Third, an additional 50 million dollars will make the most of our present leadership, by accelerating the use of space satellites for world-wide communications.

Fourth, an additional 75 million dollars-of which 53 million dollars is for the Weather Bureau-will help give us at the earliest possible time a satellite system for world-wide weather observation.

Let it be clear-and this is a judgment which the Members of the Congress must finally make-let if be clear that I am asking the Congress and the country to accept a firm commitment to a new course of action-a course which will last for many years and carry very heavy costs: 531 million dollars in fiscal 1962 -- an estimated seven to nine billion dollars additional over the next five years. If we are to go only half way, or reduce our sights in the face of difficulty, in my judgment it would be better not to go at all.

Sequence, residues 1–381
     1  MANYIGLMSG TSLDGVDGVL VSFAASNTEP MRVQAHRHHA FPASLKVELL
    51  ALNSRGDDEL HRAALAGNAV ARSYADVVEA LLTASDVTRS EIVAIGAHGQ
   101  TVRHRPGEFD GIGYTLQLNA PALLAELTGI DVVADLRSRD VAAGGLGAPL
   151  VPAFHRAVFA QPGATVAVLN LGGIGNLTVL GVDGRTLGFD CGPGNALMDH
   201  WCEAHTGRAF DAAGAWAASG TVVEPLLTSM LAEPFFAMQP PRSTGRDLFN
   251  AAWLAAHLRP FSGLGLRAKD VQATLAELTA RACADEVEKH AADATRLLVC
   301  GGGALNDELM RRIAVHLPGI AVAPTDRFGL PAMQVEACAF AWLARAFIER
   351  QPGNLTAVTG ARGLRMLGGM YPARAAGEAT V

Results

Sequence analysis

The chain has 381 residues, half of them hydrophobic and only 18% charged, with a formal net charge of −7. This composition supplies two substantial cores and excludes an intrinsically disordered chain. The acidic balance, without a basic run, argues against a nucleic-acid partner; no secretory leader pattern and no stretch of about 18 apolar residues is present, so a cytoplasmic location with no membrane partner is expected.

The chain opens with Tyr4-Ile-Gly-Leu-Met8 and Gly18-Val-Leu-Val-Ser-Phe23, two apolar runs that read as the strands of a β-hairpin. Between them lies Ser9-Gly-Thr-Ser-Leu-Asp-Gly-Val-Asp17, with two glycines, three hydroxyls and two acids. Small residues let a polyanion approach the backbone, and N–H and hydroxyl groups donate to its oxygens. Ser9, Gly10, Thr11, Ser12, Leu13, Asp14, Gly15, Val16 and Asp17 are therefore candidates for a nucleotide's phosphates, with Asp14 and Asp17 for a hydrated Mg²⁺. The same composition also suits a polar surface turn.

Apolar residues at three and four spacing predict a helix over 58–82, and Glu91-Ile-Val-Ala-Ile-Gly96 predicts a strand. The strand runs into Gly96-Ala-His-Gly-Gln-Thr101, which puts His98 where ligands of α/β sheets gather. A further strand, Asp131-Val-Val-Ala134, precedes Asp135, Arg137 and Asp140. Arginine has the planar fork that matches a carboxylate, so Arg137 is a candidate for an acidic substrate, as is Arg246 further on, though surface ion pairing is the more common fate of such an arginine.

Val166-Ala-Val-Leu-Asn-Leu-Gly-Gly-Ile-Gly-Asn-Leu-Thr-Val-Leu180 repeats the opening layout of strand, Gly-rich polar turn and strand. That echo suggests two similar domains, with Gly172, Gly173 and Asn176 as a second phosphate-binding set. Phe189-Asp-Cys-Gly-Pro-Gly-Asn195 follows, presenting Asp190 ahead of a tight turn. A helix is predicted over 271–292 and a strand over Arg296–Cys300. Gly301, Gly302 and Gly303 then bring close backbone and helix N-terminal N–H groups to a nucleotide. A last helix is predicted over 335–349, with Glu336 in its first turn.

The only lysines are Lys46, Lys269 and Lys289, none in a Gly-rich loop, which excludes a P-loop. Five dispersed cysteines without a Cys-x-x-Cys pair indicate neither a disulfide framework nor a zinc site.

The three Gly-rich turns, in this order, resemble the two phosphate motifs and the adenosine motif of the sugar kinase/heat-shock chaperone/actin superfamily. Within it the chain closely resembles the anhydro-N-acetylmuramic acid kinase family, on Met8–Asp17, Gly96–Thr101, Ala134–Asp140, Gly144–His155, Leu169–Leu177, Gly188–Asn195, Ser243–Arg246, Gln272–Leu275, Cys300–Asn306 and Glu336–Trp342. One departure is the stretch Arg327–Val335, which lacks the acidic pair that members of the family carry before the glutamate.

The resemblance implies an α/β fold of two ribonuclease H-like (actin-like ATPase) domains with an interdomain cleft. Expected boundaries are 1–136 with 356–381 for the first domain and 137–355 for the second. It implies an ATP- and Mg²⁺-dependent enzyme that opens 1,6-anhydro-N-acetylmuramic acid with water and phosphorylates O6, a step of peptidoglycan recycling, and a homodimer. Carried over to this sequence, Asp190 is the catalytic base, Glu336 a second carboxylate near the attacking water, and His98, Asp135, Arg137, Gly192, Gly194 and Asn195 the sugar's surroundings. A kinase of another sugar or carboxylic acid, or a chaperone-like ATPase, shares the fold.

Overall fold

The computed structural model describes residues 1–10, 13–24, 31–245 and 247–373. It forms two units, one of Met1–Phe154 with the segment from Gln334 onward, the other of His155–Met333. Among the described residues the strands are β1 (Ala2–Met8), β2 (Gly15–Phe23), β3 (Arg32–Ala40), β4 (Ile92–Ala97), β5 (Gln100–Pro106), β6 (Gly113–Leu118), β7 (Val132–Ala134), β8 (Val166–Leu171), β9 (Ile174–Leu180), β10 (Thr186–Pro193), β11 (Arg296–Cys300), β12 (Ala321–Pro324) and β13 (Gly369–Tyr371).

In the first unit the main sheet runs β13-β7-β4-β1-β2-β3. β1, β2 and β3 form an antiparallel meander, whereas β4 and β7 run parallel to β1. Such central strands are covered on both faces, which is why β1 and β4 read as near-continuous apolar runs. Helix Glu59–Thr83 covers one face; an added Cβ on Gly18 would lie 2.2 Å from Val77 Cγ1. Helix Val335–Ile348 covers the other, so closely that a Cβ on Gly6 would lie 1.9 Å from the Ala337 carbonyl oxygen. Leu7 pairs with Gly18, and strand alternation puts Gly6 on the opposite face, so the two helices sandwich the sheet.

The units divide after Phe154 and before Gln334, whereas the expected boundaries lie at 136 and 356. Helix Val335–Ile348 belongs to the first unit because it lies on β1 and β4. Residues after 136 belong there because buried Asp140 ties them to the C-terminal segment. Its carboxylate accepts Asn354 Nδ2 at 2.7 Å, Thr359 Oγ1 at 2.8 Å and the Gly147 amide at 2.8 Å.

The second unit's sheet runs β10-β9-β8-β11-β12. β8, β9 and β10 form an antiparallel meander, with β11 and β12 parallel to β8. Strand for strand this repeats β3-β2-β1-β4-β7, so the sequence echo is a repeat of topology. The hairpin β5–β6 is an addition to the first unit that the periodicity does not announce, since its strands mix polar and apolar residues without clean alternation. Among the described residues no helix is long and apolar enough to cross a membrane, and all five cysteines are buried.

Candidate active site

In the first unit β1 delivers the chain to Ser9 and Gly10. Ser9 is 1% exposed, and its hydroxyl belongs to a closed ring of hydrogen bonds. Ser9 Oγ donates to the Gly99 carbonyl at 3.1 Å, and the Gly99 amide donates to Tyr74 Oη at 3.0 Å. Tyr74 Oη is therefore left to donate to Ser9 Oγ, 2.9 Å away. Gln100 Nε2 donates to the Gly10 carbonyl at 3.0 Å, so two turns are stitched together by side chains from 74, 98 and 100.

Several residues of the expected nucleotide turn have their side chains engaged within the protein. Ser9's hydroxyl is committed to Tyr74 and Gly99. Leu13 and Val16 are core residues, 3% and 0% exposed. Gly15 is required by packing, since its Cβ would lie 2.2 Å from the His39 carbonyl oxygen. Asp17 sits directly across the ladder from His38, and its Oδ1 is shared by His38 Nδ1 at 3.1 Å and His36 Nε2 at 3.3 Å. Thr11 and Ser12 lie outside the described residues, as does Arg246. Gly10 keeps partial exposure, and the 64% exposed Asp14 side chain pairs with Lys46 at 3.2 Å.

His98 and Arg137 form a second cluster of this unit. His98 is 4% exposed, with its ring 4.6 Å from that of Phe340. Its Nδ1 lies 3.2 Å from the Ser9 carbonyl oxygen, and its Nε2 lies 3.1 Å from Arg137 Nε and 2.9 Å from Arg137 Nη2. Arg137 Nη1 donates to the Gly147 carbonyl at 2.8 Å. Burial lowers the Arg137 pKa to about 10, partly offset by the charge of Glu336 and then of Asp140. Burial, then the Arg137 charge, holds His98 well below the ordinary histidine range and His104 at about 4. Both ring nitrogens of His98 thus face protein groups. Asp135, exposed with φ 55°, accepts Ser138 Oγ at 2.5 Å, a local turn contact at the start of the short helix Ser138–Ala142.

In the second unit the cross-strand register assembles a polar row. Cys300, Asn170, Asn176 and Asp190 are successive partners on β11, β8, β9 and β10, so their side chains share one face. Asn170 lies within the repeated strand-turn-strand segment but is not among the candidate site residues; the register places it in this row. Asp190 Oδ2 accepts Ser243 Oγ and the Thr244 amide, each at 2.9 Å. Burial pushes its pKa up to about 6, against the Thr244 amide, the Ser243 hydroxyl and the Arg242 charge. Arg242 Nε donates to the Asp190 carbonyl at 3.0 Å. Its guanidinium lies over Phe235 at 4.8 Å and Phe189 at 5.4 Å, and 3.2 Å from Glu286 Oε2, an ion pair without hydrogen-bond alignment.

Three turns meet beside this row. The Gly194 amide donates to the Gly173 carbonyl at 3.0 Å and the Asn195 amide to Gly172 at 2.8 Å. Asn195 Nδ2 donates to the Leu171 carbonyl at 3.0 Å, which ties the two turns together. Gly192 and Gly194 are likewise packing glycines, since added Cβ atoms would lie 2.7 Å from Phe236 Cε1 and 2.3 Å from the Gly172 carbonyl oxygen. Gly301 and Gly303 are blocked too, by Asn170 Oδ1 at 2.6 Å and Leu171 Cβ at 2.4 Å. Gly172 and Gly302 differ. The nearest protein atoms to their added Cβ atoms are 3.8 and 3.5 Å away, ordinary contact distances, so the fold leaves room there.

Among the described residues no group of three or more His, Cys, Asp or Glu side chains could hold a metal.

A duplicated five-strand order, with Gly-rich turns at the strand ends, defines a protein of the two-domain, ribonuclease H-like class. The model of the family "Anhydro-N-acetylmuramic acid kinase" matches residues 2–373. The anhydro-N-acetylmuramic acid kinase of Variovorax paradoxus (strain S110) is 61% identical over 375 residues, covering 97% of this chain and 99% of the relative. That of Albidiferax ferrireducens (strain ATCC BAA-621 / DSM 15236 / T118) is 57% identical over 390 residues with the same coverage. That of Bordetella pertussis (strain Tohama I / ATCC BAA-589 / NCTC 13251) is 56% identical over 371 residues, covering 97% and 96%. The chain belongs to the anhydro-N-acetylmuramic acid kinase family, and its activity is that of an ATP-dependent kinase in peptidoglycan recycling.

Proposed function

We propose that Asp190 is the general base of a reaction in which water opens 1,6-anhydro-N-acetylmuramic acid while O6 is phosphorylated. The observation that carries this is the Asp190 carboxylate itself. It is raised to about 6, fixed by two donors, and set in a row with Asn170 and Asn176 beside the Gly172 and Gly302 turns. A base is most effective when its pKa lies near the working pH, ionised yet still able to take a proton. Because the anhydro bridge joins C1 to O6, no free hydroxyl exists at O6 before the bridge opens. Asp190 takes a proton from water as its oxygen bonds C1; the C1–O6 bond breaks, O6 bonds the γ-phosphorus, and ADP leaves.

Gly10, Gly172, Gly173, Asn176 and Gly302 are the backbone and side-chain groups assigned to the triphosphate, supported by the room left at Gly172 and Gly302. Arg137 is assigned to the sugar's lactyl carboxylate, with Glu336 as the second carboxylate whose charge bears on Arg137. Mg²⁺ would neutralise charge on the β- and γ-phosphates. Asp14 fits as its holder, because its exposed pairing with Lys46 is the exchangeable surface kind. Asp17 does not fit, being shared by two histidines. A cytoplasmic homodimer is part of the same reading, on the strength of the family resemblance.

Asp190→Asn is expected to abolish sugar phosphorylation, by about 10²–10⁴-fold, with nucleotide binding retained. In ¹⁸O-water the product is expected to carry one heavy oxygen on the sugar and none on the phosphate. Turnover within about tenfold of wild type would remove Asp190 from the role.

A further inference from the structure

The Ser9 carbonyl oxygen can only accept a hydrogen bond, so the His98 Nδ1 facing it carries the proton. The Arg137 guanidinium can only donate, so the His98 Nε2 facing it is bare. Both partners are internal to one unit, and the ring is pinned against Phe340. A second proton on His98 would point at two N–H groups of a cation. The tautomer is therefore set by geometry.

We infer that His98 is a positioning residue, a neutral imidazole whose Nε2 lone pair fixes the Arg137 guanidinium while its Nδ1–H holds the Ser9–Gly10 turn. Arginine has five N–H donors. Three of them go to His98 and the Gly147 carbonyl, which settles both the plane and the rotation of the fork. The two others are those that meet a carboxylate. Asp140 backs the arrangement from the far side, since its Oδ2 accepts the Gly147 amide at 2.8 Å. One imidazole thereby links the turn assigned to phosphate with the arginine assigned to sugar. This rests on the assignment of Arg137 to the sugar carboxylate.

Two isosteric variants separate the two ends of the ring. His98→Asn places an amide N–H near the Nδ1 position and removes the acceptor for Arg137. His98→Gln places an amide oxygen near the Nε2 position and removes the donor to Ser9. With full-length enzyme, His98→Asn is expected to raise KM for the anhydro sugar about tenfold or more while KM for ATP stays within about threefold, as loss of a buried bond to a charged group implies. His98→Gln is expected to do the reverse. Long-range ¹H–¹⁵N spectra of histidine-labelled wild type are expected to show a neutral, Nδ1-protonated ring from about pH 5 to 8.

Now this is a choice which this country must make, and I am confident that under the leadership of the Space Committees of the Congress, and the Appropriating Committees, that you will consider the matter carefully.

It is a most important decision that we make as a nation. But all of you have lived through the last four years and have seen the significance of space and the adventures in space, and no one can predict with certainty what the ultimate meaning will be of mastery of space.

I believe we should go to the moon. But I think every citizen of this country as well as the Members of the Congress should consider the matter carefully in making their judgment, to which we have given attention over many weeks and months, because it is a heavy burden, and there is no sense in agreeing or desiring that the United States take an affirmative position in outer space, unless we are prepared to do the work and bear the burdens to make it successful. If we are not, we should decide today and this year.

This decision demands a major national commitment of scientific and technical manpower, materiel and facilities, and the possibility of their diversion from other important activities where they are already thinly spread. It means a degree of dedication, organization and discipline which have not always characterized our research and development efforts. It means we cannot afford undue work stoppages, inflated costs of material or talent, wasteful interagency rivalries, or a high turnover of key personnel.